@asdfxxx, the fact is the law prohibiting certain substances is itself illegal, it is not law, it has not the force of law because it is totally unconstitutional. It required an amendment to the Constitution to give the government the power to prohibit alcohol, which (after they saw the damage the prohibition did to the nation as a whole, the law enforcement corruption that arose from it and all the deaths due to the prohibition, the passed and ratified another amendment to repeal the prohibition amendment). No such amendment has been passed and ratified to allow the government to prohibit any other substances, there is no enumerated power granted by the Constitution for the government to criminalize these substances or their use by Americans and the government is supposed to do ONLY those things which are enumerated in the Constitution or is authorized by a properly passed and ratified amendment to the Constitution. Ergo, the drug war is entirely unconstitutional, it is a violation of each individual's unalienable right to self-ownership and self-determination. The way we fight these unconstitutional statutes which the government tries to convince us are valid laws is by refusing to obey them and by nullifying them in court as jurors (finding the defendant not guilty, even if said defendant did do what the prosecutor says s/he did). The next thing that needs doing is for the American people to remove ALL the people they've elected to the government who've proposed, supported or voted to pass any unconstitutional legislation or supported any unconstitutional actions by the fed gov, and taking each of them back to the districts that elected them for trial on the federal charge of violating their oath to the Constitution (a federal felony); then replacing each of them with someone who understands the limits the Constitution put on the fed gov and who will honor the office, the oath, the Constitution, and his/her constituents. If those replacements at any time violate the oath, they must be removed too, until every single person elected to office at ANY level of government understands that they MUST obey the Constitution (and in local and State offices their State Constitution, too) if they want to remain in office with all the perks the office holds. WAnt Constitutional government back, this is the only bloodless way to do it.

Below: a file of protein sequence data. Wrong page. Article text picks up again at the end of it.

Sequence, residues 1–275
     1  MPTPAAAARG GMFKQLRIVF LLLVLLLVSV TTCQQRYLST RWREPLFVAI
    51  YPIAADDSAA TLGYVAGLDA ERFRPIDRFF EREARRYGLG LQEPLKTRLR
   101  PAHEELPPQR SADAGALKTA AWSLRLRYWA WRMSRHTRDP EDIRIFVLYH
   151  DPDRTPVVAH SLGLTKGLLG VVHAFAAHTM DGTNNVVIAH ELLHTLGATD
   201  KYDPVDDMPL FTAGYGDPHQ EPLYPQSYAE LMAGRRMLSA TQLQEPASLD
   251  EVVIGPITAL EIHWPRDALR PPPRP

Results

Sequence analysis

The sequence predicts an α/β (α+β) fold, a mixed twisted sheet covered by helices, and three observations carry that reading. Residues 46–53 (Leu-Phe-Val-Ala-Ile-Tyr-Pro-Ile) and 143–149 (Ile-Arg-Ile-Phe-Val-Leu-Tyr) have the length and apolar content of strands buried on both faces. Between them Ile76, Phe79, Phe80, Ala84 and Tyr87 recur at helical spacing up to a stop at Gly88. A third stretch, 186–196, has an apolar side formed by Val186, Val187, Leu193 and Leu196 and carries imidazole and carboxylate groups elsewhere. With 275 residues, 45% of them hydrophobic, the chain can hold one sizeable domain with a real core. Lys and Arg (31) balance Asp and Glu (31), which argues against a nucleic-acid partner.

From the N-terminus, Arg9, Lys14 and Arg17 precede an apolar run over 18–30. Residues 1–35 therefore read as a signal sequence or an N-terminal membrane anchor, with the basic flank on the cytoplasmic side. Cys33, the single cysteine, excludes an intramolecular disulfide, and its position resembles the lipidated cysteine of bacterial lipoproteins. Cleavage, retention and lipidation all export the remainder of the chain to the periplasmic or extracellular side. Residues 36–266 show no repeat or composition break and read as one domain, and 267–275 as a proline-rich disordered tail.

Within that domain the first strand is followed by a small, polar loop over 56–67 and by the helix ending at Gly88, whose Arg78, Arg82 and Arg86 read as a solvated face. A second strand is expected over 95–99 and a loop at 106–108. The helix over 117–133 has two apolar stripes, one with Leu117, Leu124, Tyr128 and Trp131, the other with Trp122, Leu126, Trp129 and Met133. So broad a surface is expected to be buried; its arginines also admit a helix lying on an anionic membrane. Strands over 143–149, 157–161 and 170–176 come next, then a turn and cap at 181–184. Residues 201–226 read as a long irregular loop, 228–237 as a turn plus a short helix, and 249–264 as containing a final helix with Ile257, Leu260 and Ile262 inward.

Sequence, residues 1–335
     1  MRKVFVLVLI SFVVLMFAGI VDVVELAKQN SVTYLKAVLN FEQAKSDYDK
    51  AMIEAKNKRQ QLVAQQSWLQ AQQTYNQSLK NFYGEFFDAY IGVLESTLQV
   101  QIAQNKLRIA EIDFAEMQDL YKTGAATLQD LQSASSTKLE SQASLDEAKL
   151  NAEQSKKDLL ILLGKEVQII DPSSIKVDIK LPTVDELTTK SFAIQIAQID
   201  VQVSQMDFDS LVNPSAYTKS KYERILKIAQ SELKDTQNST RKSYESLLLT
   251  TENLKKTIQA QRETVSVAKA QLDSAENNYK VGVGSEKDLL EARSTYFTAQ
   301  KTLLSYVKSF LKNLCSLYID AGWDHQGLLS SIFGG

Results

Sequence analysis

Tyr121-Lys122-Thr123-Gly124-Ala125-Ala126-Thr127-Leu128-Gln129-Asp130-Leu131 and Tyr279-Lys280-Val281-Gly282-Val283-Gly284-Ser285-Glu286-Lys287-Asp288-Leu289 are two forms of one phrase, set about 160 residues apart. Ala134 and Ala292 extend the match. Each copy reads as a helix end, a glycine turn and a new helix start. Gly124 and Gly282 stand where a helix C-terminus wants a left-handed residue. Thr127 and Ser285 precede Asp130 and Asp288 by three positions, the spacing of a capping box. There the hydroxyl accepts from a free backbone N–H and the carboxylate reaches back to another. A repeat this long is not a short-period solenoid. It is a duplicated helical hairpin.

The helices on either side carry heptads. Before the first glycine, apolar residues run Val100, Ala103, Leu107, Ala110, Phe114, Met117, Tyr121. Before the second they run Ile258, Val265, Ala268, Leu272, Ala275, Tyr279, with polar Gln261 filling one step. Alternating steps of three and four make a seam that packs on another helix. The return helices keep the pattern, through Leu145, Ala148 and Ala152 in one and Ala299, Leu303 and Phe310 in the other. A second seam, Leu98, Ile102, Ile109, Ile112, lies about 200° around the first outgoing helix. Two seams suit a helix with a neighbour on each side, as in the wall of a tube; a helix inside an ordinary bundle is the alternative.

3 weeks, 3 days ago on NORML, Feds Agree On Benefits Of Cannabis